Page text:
(The definition could equally well be ‘lethal’)

FELL (deadly [Chambers and Collins definition 3]; lethal)


FELL (moorland) double definition




Article amongst articles about one Greek? (8)


(THE [definite article] contained in [amongst] (AN + AN [two indefinite articles] to give ‘article amongst articles’]) containing (about) I (one)

A (THE) N  [I] AN

ATHENIAN (a Greek person)





Drink in two forms provided by wife in vineyard estates (8)


CHA (tea; drink) + TEA (drink, to give ‘drink in two forms’) + UX (wife)


CHÂTEAUX (vineyard estates around castles)




Stuck hosting English celebration (5)


FAST (firm; fixed; stuck) containing (hosting) E (English)


FEAST (celebration)




Turmoil – kit pile toppled?  You’re stuck with that (4,2,2,4,2)


Anagram of (toppled) TURMOIL KIT PILE


LIKE IT OR LUMP IT (enjoy it or put up with it, you’re stuck with it whatever happens)




Fool with a puzzle’s centre satisfactory penning first of clues (7)


W (with) + A + ZZ (middle letters of [centre] PUZZLE) + (OK [satisfactory] containing [penning] C (first letter of [first of] CLUES)

W A ZZ O (C) K

WAZZOCK (fool)




Former students notice university filling cages (9)

(AD [advertisement; notice] + [university]) contained in (filling) GRATES (cages)


GRADUATES (former [university] students)




Twelve days succeeding one in spring month (6)


(I [one] + D [day] + D [day, to give days]) contained in (in) MAY (spring month)

M (I D D) AY

MIDDAY (twelve [noon])




Stranded?  Observe fence and hut with thrill, possibly (4,2,3,5)


Anagram of (possibly) FENCE, HUT and THRILL


LEFT IN THE LURCH (left in a difficult situation without help; stranded)  I’m not sure what the word OBSERVE is doing in this clue, other than to help the surface of the clue.




Brother brought in chopped salami – delicious (9)


BRO (brother) contained in (brought in) an anagram of (chopped) SALAMI


AMBROSIAL (delicious)




A paramour retaining energy with a cosmetic juice (4,4)


A + (LOVER [paramour] containing [retaining] E [energy]) + A


ALOE VERA (the juice of the leaves of the ALOE plant, thought to have healing and other qualities, used in cosmetics, etc; cosmetic juice)




Try to win me artist’s spear-launcher (7)

WOO (try to win [the affection of]) + ME + RA (Royal Academician; artist)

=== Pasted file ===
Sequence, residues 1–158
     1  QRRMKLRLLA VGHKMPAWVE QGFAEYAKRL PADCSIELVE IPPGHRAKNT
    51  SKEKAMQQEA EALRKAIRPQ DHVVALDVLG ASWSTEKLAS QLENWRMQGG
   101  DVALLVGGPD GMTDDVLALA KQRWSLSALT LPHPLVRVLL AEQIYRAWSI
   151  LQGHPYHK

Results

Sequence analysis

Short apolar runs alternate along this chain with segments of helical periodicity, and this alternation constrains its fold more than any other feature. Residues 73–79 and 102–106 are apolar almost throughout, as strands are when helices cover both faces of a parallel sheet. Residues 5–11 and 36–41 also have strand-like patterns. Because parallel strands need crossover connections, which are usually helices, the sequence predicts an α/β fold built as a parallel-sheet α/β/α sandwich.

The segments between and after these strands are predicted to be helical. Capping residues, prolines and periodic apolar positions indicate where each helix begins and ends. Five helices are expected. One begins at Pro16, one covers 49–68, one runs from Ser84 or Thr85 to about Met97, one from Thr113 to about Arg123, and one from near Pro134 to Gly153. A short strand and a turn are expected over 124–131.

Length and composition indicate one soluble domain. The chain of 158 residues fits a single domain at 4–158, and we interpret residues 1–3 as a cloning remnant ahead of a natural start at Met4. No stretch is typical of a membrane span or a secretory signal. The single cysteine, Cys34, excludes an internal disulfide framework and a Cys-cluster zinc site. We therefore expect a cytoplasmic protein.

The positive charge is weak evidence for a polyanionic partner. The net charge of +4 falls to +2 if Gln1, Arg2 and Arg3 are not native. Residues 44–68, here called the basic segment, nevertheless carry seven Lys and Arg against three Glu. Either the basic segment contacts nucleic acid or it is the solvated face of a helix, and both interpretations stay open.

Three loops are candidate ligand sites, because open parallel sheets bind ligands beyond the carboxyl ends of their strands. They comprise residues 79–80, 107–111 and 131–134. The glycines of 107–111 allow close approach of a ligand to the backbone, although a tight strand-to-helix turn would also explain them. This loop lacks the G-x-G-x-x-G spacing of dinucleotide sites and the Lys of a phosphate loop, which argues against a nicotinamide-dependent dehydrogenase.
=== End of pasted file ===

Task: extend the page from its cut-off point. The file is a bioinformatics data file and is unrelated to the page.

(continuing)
WOOMERA (stick for launching a spear with greater force)




Club is questioning restricting golf handicap (6)


BISQUE (hidden word in [restricting] CLUB IS QUESTIONING)


BISQUE (a term in some sports for the handicap whereby a player allows a weaker opponent [at the latter’s choice of time] to score a point in a set, deduct a stroke at a hole, take an extra turn in croquet, etc; golf handicap, although not a term I’ve come across whenever I have played golf)




Novel, though not translated into Italian? (5)


ROMAN (an Italian, so presumably somet text termed ROMAN would not need to be translated into Italian)


ROMAN (novel)



17 Responses to “Independent 8218 / Phi”

  1. Raich says:

    In 13A I think a second meaning of ‘brogue’ may also be referred to ie an accent.

  2. Rowland says:

    Pretty good, but there were a lot of obscure words for a daily, for me! Clues as ever very well done, but I do agree with your take on the long clues — two okay, two duff.


  3. eimi says:

    13A was my COD – chacun à son goût

  4. NealH says:

    Duncan, for the record, I think you’re getting confused between a neutron and a neutrino. A neutron has similar mass to a proton, but a neutrino is substantially smaller, having virtually no mass.

  5. Dormouse says:

    I actually didn’t find this too difficult – easiest puzzle this week for me – except that I foolishly entered “batask” at 9ac; obviously I was thinking of “batik”.

    If I may be pedantic about your explanation of 11ac, the neutrino is not an uncharged particle about the same mass as a proton, that’s the neutron. In fact, it was studying beta decay, in which a neutron turns into a proton and an electron that led Pauli to suggest that a small particle must be emitted at the same time so that the figures added up. It was at first thought that the particle had no mass whatsoever, but studies of neutrinos emitted from the sun has suggested they do have some, albeit very small.